However, the Bucks stifled the duo on offense in the postseason, which has to be a cause for concern. Adebayo shot 45.6% from the field while averaging just 3.3 free throw attempts, way down from the 6.1 from the previous playoffs.
Butler’s struggles were even greater, as he shot 29.7% from the field in four games, leading to an average of 14.5 points while playing 38.5 minutes. His plus/minus ended up at a ghastly -21 per game, the worst ranking of all 239 players to feature in the playoffs.
The 31-year-old is eligible for a contract extension during the offseason, which would be a maximum four-year deal potentially worth as much as $181 million, and despite what happened against Milwaukee, the Heat seem ready to commit to the five-time All-Star. If Butler plays out the season under his current contract, he has a $37,653,300 player option for 2022-23.
With Adebayo locked in for the long term, Miami needs to identify exactly who can help them out, starting with those they already know.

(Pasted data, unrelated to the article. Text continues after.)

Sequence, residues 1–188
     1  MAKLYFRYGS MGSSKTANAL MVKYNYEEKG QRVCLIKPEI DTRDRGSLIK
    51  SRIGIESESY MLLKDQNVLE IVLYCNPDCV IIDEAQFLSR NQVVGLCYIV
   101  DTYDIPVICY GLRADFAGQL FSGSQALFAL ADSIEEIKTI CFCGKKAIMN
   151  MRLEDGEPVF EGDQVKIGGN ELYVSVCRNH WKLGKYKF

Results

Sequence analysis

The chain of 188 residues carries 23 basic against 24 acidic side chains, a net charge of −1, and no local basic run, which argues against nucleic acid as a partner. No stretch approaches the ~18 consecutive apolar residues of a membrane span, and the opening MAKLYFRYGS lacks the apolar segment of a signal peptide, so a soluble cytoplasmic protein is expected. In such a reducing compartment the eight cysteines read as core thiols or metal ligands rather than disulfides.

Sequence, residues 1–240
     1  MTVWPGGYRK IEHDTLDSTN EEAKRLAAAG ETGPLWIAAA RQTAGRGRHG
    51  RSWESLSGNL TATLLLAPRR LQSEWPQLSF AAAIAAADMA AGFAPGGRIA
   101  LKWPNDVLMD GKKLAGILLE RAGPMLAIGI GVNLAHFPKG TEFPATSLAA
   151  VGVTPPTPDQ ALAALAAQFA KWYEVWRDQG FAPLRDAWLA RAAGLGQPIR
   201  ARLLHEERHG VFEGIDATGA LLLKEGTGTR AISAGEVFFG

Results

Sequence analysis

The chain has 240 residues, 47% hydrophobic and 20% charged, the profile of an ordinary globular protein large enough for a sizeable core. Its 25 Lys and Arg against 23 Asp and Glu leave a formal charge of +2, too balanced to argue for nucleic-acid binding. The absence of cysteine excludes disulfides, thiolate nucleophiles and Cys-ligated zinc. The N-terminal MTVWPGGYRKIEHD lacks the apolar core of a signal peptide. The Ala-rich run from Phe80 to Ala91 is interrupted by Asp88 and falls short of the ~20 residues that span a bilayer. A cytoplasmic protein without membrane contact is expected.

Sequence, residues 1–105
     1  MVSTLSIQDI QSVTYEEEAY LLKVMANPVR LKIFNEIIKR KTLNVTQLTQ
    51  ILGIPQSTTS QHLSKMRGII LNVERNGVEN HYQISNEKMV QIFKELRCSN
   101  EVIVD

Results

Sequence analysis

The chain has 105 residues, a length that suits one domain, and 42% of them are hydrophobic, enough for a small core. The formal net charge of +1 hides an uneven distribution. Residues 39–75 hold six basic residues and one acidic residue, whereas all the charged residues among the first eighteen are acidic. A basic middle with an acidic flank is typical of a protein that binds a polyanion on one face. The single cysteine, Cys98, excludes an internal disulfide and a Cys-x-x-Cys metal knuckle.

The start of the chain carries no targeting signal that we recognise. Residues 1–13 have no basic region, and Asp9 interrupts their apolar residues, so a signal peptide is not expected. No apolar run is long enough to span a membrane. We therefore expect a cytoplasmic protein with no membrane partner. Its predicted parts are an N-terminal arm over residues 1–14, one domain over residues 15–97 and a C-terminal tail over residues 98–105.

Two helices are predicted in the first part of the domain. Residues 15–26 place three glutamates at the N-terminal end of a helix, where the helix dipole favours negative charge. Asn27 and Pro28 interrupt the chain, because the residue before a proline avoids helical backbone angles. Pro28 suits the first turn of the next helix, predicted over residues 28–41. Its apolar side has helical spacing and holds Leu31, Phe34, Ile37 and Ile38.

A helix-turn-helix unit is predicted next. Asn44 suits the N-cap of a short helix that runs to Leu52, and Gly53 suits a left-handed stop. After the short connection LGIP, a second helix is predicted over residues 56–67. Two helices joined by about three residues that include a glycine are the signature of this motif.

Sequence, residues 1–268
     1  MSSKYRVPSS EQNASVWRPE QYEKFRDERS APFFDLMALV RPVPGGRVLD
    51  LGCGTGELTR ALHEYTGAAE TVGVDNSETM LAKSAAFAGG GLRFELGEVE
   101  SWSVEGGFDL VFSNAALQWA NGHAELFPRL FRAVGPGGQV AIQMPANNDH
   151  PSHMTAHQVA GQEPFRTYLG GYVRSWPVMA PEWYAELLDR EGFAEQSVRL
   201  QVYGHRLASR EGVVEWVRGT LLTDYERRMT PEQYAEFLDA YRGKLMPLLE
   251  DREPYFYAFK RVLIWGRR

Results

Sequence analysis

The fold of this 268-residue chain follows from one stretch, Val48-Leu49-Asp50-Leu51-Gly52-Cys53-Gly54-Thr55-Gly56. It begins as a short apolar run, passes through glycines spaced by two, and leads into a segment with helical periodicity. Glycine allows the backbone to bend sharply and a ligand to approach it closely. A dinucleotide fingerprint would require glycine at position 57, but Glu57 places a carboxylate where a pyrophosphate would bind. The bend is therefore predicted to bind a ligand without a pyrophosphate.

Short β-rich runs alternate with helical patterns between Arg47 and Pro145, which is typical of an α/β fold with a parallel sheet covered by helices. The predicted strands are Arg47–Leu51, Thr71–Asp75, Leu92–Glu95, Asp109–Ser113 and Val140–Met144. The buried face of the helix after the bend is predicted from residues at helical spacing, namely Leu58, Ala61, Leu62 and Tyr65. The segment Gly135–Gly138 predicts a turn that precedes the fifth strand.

Super Herro, or Just an Ordinary Guy?
Tyler Herro was a playoff revelation in the bubble. Here was a young player ready to embrace the challenge, a shooter capable of knocking down big shots (he set a new record for 3-pointers by a rookie in the postseason), reaching double figures for points in all but one of his appearances.
His regular season numbers in 2020-21 improved (15.1 points compared to 13.5) despite a dip in production from beyond the arc – and amid ever-growing whispers about being traded. While the deadline passing silenced such speculation, it is likely to get louder again in the coming weeks.
“We’ll figure it out with him, but what happened to him going down the stretch, I actually thought he got better as a player,” Riley said, maintaining Herro is a “core player.”
However, the former Kentucky Wildcat appears to be the major asset for any big deal, so the Heat must decide if what they saw in the past season – including in the playoffs, when the guard averaged just 9.3 points in four games – has made them consider selling on the 13th overall pick in 2019.
The Heat have an opportunity to create a major chunk of cap space by declining team options for two experienced veterans.
Goran Dragic can be retained at a cost of $19.44 million, a number that feels high despite the significant contributions he has made in the past two seasons when playing big minutes, mostly when coming off the bench.